Is price discrimination a good thing or a bad thing is a topic that deserves a much more open and intelligent discussion than it typically gets. There are plenty of shades of gray in this one. It goes to the heart of the puzzle about economics v.s. the rest of the social sciences. The amateur economist assumes that the world is at it’s most beautiful when the cost of goods hew closely to the cost of production. But the world? It don’t work that way. The MBA strives to scrap the maximum price out from under the pricing curve. Taking home all, if not more, of the value the user gets from using the product. The gap between these two world models is huge. The ethical issues are tough.
Most conversation about this tends toward the absolute, which is useless if pure. Martin Geddes takes a swipe at trying to point that out, but his earlier posting about the market structure of telecom in the Caribbean islands is a more interesting entry point if you want to talk about reality.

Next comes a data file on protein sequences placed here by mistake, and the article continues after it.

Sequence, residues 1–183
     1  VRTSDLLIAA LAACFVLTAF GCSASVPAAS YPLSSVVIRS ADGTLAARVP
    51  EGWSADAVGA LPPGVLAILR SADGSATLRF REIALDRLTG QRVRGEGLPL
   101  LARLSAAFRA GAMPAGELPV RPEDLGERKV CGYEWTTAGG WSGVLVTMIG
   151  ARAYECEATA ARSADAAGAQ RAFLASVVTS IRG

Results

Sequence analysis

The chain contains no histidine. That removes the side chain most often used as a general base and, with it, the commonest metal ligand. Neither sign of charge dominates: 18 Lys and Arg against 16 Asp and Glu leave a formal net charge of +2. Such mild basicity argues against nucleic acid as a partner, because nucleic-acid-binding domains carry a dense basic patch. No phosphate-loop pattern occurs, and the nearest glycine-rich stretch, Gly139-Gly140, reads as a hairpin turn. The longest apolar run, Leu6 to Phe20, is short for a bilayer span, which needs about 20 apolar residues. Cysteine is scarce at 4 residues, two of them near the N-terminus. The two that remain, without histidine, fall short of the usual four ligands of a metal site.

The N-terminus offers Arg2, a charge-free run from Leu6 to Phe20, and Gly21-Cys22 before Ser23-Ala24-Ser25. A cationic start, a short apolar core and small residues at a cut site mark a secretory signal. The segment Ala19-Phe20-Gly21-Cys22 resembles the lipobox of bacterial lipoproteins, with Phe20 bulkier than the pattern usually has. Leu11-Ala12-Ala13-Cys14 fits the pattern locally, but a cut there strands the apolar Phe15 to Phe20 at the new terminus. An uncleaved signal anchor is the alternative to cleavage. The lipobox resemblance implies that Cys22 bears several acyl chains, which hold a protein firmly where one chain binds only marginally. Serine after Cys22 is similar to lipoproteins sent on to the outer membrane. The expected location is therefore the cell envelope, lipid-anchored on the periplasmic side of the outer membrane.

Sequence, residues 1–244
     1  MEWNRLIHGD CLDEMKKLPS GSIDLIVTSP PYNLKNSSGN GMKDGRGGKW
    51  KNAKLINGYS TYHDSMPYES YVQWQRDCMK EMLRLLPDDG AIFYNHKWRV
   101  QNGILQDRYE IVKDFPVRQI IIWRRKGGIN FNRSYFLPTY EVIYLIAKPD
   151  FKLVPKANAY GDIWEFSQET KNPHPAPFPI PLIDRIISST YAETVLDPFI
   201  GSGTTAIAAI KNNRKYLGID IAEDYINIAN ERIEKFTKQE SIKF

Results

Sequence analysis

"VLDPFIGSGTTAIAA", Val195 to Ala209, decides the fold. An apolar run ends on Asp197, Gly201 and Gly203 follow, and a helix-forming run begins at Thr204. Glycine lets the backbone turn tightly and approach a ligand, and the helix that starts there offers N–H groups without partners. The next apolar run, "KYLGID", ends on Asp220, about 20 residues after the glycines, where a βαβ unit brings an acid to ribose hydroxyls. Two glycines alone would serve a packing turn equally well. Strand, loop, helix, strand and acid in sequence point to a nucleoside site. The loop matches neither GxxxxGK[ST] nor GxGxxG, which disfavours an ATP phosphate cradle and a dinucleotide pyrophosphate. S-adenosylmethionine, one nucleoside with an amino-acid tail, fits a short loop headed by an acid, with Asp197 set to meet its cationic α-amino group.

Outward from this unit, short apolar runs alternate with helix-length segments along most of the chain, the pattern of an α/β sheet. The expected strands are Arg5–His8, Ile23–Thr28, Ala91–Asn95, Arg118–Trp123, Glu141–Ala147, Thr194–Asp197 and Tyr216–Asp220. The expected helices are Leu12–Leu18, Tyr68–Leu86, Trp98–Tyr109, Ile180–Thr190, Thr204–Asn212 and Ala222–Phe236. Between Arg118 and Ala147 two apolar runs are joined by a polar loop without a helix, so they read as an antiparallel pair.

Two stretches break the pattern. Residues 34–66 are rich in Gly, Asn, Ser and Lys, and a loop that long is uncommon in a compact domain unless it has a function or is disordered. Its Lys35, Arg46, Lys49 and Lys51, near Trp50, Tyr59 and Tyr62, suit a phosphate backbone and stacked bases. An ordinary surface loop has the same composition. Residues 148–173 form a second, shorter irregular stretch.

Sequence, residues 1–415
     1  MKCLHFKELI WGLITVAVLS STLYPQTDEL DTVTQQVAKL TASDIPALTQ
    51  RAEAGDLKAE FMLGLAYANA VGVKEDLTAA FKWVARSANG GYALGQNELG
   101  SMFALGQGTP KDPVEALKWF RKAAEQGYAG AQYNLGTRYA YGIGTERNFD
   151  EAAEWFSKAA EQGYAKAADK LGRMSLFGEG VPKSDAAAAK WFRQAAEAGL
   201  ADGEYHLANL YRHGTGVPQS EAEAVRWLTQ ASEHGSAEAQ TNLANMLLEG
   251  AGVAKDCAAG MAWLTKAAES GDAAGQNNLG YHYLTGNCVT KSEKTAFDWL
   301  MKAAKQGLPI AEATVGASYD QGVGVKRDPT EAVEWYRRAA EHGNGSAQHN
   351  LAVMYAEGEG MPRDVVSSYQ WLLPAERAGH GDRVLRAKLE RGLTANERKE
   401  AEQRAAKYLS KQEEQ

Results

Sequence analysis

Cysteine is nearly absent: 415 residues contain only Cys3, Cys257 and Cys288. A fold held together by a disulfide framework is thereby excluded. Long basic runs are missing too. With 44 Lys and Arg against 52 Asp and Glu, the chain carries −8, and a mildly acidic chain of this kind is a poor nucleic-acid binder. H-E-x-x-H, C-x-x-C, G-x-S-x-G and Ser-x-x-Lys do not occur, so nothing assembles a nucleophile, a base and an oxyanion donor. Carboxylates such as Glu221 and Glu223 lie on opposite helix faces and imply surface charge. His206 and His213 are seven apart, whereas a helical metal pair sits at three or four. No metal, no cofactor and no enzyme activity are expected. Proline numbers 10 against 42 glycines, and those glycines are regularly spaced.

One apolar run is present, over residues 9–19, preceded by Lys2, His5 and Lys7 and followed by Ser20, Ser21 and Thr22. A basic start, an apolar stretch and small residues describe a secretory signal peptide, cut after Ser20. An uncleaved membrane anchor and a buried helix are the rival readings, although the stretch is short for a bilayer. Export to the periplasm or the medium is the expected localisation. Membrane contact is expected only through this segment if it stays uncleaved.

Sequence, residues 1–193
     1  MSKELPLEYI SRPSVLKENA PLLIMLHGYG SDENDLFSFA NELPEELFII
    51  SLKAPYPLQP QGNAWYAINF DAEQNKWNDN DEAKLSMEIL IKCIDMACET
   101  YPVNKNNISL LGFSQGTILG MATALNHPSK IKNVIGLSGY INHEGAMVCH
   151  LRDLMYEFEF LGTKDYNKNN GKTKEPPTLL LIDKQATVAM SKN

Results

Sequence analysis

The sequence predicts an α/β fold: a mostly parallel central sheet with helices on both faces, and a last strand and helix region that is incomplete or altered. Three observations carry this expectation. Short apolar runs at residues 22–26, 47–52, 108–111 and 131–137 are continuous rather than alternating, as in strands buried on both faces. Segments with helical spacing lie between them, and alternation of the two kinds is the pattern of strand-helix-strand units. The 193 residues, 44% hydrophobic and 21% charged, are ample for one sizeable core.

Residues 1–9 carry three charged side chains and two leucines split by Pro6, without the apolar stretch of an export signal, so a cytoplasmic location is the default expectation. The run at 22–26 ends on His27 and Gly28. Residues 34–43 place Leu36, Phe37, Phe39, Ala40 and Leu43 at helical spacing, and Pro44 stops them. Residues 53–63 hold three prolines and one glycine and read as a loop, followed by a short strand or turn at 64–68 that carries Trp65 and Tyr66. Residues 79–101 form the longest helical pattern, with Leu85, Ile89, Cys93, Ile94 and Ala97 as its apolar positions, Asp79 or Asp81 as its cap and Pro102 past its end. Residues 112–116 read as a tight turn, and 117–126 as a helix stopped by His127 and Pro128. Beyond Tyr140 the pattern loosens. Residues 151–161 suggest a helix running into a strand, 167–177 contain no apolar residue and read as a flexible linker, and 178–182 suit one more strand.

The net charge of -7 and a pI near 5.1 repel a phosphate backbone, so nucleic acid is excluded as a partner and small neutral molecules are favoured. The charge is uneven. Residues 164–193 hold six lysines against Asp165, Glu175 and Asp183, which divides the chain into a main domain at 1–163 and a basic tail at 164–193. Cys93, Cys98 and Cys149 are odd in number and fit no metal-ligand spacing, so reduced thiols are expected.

This puzzle is deeply entangled with the identity privacy problem, because pricing is about knowing your customer. Which is why the rest of the social sciences need to be at the party. You can’t create islands of trust if trust is just another name for pricing games.
Also have a look at this great paper on the topic of price
discrimination by Andrew Odlyzko of the Univ. of Minnesota who
has been studying this issue for a number of years:
“The Evolution of Price Discrimination in Transportation and its Implications for the Internet”
See also his articles:
“Why electronic publishing means people will pay different prices”
“Privacy, economics, and price discrimination on the Internet”
I’m a huge fan of Odlyzko’s work, it’s all facinating. The problem needs a broader audience and a deeper discussion. It’s not simple.